The first step they’ve taken is to prioritise control over scale. “We’re intentionally a small studio, which allows us to be quite nimble when deciding which projects to take on,” says Calvin. That means they can choose to collaborate with environmentally conscious clients. At this moment in time, for instance, they’re working with a local landscape architecture studio; a small speaker company focused on “the conservation of natural sound ecologies”; an artist collective embedded in a neglected orchard researching fruit and the cultural histories surrounding their care and cultivation; and a local outdoor experimental listening event. This kind of pickiness around clients would be much harder at a larger scale, so Lexi and Calvin have chosen to remain small. But that doesn’t absolve larger studios and agencies from any responsibility. “We think it’s important for design studios to establish a position and to acknowledge their agency,” says Calvin.

Much of their work also takes its cues from the natural world, particularly plant life. When it comes to their projects, Companion—Platform emphasises the importance of specificity. “Generalisations are usually a good indication that perhaps there’s a disconnect between design and content,” says Lexi. “Is the content or brand or organisation substantive? If it is, it should be fairly straightforward to invoke thoughtful specificity and context within the project.” There isn’t really a shortcut to gaining that – it takes a lot of research and many hours of speaking with a client to understand their mission and goals. “We generally begin working from a language-rich place,” she continues, “co-creating a shared vocabulary and conceptual grounds with clients before we begin working visually.” Alongside this, they research the context and community in which the project will operate, as well as any references or historical precedents for the project.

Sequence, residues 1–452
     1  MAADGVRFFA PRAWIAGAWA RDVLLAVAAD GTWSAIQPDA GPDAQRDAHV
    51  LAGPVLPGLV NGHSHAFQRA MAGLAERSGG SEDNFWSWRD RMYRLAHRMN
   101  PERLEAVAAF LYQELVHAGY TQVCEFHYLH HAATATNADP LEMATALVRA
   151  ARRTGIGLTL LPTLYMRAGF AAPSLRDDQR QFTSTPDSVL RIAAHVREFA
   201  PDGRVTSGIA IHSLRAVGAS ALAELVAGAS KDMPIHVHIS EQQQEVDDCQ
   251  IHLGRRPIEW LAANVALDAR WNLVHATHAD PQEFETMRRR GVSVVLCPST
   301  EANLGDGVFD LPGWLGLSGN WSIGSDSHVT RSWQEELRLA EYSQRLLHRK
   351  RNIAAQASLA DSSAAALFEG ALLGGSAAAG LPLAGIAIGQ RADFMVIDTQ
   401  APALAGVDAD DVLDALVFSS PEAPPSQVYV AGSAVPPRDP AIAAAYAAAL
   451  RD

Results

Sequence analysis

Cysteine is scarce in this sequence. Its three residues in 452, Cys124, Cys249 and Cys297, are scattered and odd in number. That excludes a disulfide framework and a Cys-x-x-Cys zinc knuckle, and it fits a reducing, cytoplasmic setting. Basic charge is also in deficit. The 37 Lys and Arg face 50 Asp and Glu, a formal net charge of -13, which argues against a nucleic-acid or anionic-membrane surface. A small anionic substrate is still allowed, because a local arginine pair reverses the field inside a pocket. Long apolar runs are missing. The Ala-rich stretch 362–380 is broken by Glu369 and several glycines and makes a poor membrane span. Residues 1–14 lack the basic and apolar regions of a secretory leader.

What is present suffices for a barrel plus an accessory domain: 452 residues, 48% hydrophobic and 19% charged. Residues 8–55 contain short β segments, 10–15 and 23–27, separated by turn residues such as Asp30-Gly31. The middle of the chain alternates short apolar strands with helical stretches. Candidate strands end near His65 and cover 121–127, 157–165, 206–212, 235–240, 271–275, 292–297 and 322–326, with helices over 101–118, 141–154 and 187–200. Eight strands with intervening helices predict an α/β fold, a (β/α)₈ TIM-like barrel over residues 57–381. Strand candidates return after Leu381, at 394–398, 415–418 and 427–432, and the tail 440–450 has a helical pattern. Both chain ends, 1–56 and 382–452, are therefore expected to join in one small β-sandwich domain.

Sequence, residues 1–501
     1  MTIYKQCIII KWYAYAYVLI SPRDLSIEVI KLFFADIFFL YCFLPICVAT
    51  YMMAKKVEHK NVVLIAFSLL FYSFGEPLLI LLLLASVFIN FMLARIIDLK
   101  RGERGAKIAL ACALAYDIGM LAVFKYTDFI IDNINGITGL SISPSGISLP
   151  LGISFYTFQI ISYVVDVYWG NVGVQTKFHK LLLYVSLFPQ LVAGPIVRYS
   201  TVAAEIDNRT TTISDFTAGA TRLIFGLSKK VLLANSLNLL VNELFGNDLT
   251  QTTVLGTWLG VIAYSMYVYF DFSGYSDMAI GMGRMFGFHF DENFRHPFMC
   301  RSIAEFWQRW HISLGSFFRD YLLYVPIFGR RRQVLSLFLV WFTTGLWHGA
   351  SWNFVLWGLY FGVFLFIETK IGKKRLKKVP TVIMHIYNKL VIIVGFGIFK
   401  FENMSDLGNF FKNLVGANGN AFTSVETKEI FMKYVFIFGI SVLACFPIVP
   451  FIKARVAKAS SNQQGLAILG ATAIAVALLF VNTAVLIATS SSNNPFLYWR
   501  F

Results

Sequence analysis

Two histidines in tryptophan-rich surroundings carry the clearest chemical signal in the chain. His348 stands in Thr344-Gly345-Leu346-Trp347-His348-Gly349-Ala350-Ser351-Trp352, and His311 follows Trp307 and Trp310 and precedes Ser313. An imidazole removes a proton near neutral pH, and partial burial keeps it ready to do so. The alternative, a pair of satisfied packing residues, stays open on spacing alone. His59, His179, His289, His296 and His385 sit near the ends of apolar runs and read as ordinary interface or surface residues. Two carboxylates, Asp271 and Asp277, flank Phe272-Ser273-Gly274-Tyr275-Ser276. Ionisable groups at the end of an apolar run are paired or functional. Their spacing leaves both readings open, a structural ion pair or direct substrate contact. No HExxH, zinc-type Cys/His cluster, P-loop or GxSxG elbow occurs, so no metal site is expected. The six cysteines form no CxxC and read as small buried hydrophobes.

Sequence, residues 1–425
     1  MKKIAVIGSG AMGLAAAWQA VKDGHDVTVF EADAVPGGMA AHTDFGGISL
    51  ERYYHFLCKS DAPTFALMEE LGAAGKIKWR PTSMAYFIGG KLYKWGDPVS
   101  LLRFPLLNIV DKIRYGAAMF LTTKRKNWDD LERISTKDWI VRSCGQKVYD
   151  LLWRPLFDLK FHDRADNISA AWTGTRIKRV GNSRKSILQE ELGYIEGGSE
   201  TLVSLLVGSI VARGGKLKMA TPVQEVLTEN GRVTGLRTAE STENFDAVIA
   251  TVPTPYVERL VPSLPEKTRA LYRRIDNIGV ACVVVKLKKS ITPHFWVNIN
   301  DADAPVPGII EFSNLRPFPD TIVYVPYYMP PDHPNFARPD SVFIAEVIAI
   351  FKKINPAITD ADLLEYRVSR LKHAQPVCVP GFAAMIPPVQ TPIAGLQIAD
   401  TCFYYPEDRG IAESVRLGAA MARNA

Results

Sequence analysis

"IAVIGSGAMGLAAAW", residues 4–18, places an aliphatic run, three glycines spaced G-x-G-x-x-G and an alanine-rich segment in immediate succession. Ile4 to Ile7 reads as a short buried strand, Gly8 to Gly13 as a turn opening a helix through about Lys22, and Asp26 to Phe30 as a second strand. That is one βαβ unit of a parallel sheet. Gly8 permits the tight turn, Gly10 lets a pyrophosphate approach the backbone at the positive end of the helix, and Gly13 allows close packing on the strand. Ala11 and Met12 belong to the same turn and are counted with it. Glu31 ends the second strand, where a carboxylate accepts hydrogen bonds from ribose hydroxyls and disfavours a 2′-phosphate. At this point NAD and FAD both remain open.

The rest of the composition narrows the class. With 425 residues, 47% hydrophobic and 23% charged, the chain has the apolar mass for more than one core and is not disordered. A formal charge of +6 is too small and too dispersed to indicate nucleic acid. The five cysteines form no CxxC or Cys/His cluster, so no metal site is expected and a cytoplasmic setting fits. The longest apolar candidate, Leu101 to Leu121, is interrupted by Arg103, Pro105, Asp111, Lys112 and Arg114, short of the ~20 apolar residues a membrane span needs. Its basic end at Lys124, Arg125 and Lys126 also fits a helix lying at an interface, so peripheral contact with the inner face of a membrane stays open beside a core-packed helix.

Illustration is quite often used by brands hoping to appear greener, for the precise reason that it can lack that sense of distinction – its potential for universality is exactly what makes illustration both such a powerful medium and, in the wrong hands, such a misleading one. “We’re fascinated by the potential illustration has for operating on both an objective-representational and subjective-emotional level,” says Calvin. A lot of Companion—Platform’s illustrative style stems from observational drawings, so it’s often detailed, almost scientific. This helps it to feel specifically relevant and considered, but, as ever, an illustrative style has to be underpinned by considered research – you can’t skip that step.

Speaking with Companion—Platform and hearing their thoughts on design, it’s hard not to feel that the world needs more designers who see their craft through an ecologist’s lens. What’s important to note, though, is that this isn’t just good practice for projects in the environmental realm – this is also, quite simply, good design. The best and most thoughtful designers around the world, no matter what field they operate in, spend their time considering context, thinking about community, pushing for specificity. Yes, this approach makes them more environmentally astute designers, but it also makes them better designers, full stop.

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About the Author

Matt Alagiah

Matt joined It’s Nice That as editor in October 2018 and became editor-in-chief in September 2020. He was previously executive editor at Monocle magazine. Drop him a line with ideas and suggestions, or simply to say hello.